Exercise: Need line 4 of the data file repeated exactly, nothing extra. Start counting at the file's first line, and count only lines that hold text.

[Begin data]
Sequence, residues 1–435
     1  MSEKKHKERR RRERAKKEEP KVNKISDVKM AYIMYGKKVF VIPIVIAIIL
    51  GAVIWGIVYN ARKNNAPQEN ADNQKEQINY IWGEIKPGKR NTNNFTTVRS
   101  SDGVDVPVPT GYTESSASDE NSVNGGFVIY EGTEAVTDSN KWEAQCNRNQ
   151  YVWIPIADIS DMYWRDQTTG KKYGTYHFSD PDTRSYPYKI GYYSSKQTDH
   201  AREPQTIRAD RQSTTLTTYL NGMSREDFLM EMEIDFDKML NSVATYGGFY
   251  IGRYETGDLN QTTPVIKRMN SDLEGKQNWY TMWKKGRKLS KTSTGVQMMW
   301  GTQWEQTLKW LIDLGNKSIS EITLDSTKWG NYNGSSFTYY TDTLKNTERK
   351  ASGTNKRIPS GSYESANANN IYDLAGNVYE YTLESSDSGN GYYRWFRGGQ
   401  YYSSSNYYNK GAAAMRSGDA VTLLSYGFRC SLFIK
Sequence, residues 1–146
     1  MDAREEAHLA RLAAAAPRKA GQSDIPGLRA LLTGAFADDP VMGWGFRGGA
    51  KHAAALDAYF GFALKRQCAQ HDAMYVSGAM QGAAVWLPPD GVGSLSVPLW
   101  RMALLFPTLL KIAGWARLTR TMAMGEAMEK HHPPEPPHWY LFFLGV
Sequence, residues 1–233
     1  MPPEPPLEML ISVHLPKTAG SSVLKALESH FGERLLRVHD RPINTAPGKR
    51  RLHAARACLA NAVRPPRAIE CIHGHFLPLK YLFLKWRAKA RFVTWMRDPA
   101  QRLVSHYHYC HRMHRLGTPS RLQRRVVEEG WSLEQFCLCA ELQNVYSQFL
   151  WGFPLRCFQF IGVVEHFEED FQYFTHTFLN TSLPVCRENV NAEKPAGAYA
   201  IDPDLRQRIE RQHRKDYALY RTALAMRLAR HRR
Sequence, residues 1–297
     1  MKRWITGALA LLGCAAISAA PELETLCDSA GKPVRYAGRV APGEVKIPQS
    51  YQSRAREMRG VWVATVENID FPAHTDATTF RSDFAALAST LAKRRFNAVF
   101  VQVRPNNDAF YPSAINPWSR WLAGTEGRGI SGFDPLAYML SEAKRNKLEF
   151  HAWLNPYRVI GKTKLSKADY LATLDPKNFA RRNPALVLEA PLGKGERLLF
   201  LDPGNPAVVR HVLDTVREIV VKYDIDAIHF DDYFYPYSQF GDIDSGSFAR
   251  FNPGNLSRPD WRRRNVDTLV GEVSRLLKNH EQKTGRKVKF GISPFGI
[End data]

   101  SDGVDVPVPT GYTESSASDE NSVNGGFVIY EGTEAVTDSN KWEAQCNRNQ